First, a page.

7 Reasons Why the Medieval Sensibility Tends to Be More Biblically Grounded Than the Modern Aesthetic

A contemplation of the effect of the enlightenment on aesthetics
May 11, 2017

I contend that as the Enlightenment progressed, education moved farther away from teaching the Liberal Arts (Trivium and Quadrivium). This change in emphasis skewed perspectives, ideologies, theology, culture, and the arts into new directions and trajectories that continue to inform how society thinks. In addition, the change in aesthetics from the medieval period to a modern sensibility reflects broader changes in how we view the cosmos and what we think about divine order.

In her masterful book, A Journey into Christian Art, Helen de Borchgrave writes:

“The way forward was clear for Christian artists and craftsmen.  As the centuries unfolded, the story of Western art unrolled in a seamless theme of Christianity—until the Renaissance rediscovered man, science blew away mystery, the Reformation split the church, and the Age of Enlightenment ushered in a darkness of the soul.”

It is the breaking of this “seamless theme” that changed how we consider the arts and how to speak of them objectively. Here are some of the reasons why the medieval sensibility tends to be more biblically grounded than the modern aesthetic:

Aesthetic sensibility moved from the idea of order to originality. The idea of order is based on something external and objective with a tradition and models to follow. Originality was not a shared concept of medieval artists. Why should an artist or craftsman invent new ways of planning a church, of designing a chalice, or of representing the gospel story when the older models served that purpose so well? The insidious search for originality means that one must actively replace, discard, disregard, or destroy those things that have gone before in order to be considered original, new, and fresh. To try and draw attention to one’s self or one’s work by being original necessarily undercuts what has gone before.

Aesthetic sensibility moved from the idea of craftsmanship to cleverness. A craftsman is one who takes raw materials and respectfully transforms them with attention to detail, skill and learning, with a mastery of technique. There is no end to what a craftsman can discover as he plumbs the heights and depths of their art. However, being clever can resort to gimmickry or manipulation in an attempt to illicit a certain response—often a fleeting or base response.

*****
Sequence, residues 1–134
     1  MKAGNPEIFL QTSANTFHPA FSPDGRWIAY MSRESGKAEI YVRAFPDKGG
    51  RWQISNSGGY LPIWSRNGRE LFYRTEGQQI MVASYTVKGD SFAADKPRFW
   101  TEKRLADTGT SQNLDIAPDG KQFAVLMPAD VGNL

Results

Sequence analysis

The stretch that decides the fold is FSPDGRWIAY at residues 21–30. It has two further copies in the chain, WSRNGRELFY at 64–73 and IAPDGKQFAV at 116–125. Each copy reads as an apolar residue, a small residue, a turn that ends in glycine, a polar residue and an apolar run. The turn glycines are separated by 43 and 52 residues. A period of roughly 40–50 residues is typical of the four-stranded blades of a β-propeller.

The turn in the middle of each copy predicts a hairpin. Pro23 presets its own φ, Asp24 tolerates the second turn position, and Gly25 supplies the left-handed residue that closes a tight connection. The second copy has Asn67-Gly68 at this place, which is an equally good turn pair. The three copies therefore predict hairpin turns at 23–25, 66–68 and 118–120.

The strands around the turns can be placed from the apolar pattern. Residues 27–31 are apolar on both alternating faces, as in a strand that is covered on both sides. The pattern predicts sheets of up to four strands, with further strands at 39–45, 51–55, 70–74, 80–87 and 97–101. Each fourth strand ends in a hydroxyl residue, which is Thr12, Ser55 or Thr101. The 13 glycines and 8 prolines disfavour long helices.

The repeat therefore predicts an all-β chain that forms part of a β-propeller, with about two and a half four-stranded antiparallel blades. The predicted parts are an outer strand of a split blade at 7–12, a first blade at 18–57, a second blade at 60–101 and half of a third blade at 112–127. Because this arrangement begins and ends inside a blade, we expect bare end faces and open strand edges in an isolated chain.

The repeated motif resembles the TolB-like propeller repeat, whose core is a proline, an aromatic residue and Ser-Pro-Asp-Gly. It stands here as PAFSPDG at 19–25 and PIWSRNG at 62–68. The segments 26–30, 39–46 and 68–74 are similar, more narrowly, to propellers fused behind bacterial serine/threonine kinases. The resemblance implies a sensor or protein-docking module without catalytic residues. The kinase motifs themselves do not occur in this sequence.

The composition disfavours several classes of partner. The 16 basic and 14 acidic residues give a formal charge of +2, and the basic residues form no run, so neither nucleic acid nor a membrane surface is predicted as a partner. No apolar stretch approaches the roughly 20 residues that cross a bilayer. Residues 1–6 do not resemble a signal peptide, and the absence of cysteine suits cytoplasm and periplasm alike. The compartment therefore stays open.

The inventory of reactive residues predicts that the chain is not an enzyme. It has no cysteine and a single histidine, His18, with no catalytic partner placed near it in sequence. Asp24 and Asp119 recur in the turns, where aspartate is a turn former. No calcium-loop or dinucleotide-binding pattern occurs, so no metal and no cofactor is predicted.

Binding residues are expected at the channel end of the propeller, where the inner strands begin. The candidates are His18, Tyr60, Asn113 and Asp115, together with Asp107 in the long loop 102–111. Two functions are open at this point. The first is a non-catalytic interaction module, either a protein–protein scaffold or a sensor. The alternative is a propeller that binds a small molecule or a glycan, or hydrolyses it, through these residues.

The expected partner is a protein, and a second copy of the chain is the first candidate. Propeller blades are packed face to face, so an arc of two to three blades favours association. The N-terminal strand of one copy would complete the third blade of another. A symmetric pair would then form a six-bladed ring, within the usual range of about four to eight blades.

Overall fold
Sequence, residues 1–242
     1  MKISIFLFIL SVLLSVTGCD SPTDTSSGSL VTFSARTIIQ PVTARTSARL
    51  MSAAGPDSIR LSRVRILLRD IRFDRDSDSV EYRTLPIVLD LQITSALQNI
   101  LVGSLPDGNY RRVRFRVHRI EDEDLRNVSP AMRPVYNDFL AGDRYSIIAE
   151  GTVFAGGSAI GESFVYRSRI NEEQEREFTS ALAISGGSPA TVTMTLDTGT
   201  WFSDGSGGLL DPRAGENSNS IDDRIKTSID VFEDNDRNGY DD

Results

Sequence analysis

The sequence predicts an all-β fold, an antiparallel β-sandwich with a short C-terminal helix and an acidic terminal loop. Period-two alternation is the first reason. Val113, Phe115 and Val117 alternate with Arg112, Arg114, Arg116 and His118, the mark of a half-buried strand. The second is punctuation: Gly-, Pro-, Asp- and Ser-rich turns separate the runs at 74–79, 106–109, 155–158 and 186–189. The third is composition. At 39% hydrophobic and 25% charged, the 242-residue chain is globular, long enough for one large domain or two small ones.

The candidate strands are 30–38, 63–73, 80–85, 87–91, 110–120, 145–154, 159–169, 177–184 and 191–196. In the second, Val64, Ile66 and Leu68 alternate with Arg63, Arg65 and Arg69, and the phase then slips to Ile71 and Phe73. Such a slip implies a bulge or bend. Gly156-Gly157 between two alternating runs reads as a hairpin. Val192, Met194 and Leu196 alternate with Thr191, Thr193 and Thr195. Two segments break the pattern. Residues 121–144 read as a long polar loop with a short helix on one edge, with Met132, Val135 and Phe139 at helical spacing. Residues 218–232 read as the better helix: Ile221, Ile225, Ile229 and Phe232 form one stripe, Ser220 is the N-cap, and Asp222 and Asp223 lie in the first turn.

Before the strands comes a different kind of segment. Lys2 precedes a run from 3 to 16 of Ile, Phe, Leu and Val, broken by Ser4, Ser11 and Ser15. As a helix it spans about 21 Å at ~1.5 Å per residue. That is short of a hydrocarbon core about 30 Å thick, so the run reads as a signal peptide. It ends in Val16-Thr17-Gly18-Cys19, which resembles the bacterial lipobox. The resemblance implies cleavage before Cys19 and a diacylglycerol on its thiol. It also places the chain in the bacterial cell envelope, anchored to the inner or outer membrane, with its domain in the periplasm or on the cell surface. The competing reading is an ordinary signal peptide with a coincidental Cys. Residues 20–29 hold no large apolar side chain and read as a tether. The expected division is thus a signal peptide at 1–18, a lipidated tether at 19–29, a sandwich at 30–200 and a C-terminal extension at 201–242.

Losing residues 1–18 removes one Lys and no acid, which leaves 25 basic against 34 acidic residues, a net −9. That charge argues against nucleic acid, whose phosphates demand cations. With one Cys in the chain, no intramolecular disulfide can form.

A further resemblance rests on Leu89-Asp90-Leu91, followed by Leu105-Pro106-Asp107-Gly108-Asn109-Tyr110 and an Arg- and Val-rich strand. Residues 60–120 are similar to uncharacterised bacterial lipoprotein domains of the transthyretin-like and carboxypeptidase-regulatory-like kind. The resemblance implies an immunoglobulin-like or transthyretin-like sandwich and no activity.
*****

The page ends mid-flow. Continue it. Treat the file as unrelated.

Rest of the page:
Aesthetic sensibility moved from being rooted to being random. Rootedness has much to do with the particular times and places in which God has planted the artist. There is a foundation in biblical truth and culture—a rootedness in faith and in community. Art, prayer books, psalters, music, and architecture were often created by a “Master” identified with a particular region. The randomness of a modern aesthetic is one of chance and without a specific pattern, plan, or connection.

Aesthetic sensibility moved from being inventive to being innovative. A medieval craftsman was creative in seeking expanded and deeper ways to express old and eternal truths. The innovative aesthetic must always be fresh with new forms, new content, and new shock value.

Aesthetic sensibility moved from being anonymous to being one of acclaim. We have the work of “Anonymous” craftsmen; the reason we may not have their names is because they did not preserve their identity as part of their work—the aim of the work was more important than who created it. These were workers who created for God’s glory and did not have a sense of self-identity wrapped up in their creations. But, with the idea of acclaim comes celebrity. One definition of modern art is that “art is what an artist does”—the artist is more important than the work. The subjective echo-chamber of the celebrity artist leads to artistic concepts but very little beauty.

Aesthetic sensibility moved from interdependent to independent. Interdependent artists are communal—working together for the edification of community. Success is shared because the goal is not personal acclaim but objective beauty that glorifies God. J.S. Bach was the last great composer who actively taught; he wanted to pass along the things that he had learned for the advancement of other artists and for the glory of God. However, independent artists work for their own gain, can be secretive about their methods and processes, and have little time to teach. In a world of copyrights and trademarks, independent artists seek to distinguish their own “brand” of art.

Aesthetic sensibility moved from being eternal to being ethereal. With eternity in focus, eternal truth is more important than realism. These are timeless truths expressed through substantial and timeless means. The weight of glory would break the back of a modern sensibility that tries to convey truth in ethereal, frail, light, and inconsequential ways.

The Quadrivium helps to restore our focus to an older model that recaptures an objective sense of beauty. The order of the cosmos becomes a guide for crafting the raw materials in sub-creative ways. Rooted in the work of those who have gone before, the craftsman can work with others to build on the collective achievements of the past and continue to inventively plumb the depths of God’s design for greater means of expressing eternal truth as revealed in what God has made. The very structure of the cosmos and its many and varied interconnections provides the impetus, material, and inspiration for sub-creating in the footprints of God.

Greg Wilbur

Greg Wilbur

Gregory Wilbur is Chief Musician at Cornerstone Presbyterian Church in Franklin, TN, as well as Dean and Senior Fellow of New College Franklin. He is the author of Glory and Honor: The Music and Artistic Legacy of Johann Sebastian Bach and has released two CDs of his compositions of congregational psalms, hymns and service music.